Solid malignancies among etanercept-treated patients with granulomatosis with polyangiitis (Wegener's): Long-term followup of a multicenter longitudinal cohort

Francisco Silva, Philip Seo, Darrell R. Schroeder, John H. Stone, Peter A. Merkel, Gary S. Hoffman, Robert Spiera, Jodi K. Sebastian, John C. Davis, E. William St.clair, Nancy B. Allen, W. Joseph McCune, Steven R. Ytterberg, Ulrich Specks

Research output: Contribution to journalArticlepeer-review

56 Scopus citations


Objective An association between therapeutic inhibition of tumor necrosis factor (TNF) and solid malignancies was observed during the Wegener's Granulomatosis Etanercept Trial (WGET), which included 180 patients with granulomatosis with polyangiitis (Wegener's) (GPA). The present study was conducted to determine the malignancy risk beyond the time of exposure to study therapy. Methods The occurrence and type of solid malignancies were ascertained using a standardized data form. Data collected included vital status, histologic findings, and therapeutic interventions. The Surveillance, Epidemiology, and End-Results database was used to estimate a standardized incidence rate (SIR) for solid malignancies. Results Post-trial followup data were available for 153 patients (85% of the original cohort), with a median followup time of 43 months. Fifty percent of these patients had received etanercept. There were no differences in demographic characteristics between the etanercept and placebo groups. Thirteen new solid malignancies were detected, 8 in the etanercept group and 5 in the placebo group. Compared to the general population, the risk of solid malignancies in the etanercept group was increased (SIR 3.92 [95% confidence interval 1.69-7.72]), but was not different from the risk in the placebo group compared to the general population (SIR 2.89 [95% confidence interval 0.94-6.73]). All solid malignancies occurred in patients who had been exposed to cyclophosphamide. The overall duration of disease and a history of malignancy before trial enrollment were associated with the development of malignancy during post-trial followup. Conclusion The incidence of solid malignancy remained increased during long-term followup of the WGET cohort. However, this could not be attributed solely to etanercept exposure during the trial. Anti-TNF therapy with etanercept appears to further increase the risk of malignancy observed in patients with GPA treated with cytotoxic agents and should be avoided in these patients.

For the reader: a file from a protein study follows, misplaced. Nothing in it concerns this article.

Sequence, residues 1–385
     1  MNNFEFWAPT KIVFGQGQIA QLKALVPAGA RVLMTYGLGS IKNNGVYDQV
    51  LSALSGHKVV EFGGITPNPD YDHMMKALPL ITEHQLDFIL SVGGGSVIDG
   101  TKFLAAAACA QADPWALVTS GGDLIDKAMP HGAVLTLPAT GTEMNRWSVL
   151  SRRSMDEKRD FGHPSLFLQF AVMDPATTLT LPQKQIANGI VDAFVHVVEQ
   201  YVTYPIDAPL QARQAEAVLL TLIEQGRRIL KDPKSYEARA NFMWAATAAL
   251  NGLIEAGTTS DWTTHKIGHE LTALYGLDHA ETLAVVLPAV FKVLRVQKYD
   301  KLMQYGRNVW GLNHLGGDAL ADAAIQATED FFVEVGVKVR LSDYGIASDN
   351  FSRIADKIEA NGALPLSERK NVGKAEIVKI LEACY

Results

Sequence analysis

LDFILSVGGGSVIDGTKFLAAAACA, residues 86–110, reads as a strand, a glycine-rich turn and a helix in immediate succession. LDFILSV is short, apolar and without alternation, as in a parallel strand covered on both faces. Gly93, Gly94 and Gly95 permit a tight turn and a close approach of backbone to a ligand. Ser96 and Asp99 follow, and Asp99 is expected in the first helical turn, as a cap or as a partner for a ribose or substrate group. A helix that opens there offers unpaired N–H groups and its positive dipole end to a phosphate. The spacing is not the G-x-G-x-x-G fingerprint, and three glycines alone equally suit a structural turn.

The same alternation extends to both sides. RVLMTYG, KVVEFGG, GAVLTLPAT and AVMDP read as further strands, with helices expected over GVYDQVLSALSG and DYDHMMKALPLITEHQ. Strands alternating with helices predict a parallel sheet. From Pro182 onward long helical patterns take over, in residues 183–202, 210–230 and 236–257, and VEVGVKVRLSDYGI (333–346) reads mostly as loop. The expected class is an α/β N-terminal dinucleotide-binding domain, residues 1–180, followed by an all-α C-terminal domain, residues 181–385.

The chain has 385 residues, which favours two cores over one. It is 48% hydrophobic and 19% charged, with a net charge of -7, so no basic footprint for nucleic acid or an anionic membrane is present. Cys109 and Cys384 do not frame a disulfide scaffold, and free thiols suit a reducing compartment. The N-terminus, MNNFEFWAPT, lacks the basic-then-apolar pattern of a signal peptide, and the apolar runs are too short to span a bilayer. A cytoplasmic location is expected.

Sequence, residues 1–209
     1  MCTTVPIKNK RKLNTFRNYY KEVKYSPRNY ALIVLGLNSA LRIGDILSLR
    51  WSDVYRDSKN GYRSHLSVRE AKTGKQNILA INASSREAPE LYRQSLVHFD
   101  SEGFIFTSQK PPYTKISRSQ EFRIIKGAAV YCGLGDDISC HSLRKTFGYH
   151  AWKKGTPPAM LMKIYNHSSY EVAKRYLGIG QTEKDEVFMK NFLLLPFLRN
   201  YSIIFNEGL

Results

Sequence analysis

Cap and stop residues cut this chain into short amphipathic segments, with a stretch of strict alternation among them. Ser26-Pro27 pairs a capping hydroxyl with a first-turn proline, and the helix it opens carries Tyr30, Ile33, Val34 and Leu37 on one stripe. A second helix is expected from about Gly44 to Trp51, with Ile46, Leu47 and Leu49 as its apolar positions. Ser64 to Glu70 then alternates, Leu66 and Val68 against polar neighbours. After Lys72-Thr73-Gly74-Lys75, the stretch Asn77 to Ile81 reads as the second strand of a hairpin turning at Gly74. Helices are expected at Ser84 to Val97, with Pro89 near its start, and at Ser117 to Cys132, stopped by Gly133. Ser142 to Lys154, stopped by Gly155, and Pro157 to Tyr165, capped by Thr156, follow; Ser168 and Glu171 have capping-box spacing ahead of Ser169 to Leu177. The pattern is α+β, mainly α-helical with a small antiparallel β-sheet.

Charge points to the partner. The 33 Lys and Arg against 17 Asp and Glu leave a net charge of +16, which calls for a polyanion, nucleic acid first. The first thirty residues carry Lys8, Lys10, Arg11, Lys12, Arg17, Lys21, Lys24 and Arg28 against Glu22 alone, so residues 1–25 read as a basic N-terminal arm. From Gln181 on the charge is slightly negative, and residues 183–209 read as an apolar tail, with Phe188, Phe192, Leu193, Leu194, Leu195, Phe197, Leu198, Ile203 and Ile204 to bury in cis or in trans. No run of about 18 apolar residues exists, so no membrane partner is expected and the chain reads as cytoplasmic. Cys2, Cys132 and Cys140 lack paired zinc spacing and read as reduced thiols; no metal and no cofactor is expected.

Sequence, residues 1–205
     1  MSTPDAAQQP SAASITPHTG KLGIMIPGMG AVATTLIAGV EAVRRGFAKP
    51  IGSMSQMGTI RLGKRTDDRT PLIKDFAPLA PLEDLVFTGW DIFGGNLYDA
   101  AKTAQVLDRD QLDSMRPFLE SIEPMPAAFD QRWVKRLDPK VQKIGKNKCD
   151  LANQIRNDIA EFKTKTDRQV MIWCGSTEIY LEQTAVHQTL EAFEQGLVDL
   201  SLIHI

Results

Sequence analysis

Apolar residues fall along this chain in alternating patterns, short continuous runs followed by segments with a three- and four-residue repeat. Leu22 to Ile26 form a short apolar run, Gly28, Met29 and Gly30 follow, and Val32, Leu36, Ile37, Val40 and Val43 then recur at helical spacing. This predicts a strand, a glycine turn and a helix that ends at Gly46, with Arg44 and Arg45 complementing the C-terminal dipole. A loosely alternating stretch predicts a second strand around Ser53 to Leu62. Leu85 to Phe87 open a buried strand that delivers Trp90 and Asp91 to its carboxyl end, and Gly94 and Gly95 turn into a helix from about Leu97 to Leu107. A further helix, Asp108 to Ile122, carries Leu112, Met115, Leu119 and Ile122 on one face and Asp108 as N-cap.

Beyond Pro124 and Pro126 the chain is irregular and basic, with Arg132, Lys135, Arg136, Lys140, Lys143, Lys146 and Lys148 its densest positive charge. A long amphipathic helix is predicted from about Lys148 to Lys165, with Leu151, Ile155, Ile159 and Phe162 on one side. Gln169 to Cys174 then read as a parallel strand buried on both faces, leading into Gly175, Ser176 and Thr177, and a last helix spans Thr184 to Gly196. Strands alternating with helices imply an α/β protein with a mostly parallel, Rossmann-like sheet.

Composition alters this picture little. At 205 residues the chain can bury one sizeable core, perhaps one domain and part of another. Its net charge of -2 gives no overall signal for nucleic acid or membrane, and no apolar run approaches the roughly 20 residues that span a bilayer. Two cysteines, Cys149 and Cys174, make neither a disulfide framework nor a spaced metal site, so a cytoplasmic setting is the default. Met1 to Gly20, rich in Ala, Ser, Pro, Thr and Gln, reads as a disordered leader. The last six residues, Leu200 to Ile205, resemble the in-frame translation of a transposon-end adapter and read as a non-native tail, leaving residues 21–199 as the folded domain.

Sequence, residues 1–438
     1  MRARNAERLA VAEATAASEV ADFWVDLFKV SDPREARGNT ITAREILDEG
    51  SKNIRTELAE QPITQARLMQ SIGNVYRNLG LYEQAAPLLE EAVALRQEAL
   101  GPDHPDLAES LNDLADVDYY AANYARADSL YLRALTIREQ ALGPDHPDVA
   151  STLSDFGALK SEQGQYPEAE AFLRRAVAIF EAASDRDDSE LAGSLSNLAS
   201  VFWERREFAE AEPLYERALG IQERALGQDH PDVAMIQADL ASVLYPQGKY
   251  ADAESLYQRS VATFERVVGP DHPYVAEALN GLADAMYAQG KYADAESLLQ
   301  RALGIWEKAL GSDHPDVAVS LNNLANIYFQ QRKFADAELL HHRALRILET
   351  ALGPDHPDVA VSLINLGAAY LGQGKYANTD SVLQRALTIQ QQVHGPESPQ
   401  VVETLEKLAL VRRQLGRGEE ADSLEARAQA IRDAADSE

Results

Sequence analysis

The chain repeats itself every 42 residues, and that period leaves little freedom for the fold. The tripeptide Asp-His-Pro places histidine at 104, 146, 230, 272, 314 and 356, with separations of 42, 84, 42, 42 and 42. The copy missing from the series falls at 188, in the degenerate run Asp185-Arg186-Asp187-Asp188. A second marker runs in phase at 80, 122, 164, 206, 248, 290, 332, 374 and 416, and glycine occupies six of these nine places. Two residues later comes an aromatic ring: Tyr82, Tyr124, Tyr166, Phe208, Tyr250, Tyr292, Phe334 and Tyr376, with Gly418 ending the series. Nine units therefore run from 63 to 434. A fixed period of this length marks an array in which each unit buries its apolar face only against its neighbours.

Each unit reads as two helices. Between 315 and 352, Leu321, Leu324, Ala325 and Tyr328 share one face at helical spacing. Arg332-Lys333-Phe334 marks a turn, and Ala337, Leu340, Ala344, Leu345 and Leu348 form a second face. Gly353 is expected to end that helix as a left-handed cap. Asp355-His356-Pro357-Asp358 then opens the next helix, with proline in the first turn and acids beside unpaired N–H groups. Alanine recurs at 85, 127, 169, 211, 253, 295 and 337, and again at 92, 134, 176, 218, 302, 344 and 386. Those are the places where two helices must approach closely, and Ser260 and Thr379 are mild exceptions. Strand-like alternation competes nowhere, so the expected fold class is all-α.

Original languageEnglish (US)
Pages (from-to)2495-2503
Number of pages9
JournalArthritis and rheumatism
Issue number8
StatePublished - Aug 2011

ASJC Scopus subject areas

  • Immunology and Allergy
  • Rheumatology
  • Immunology
  • Pharmacology (medical)


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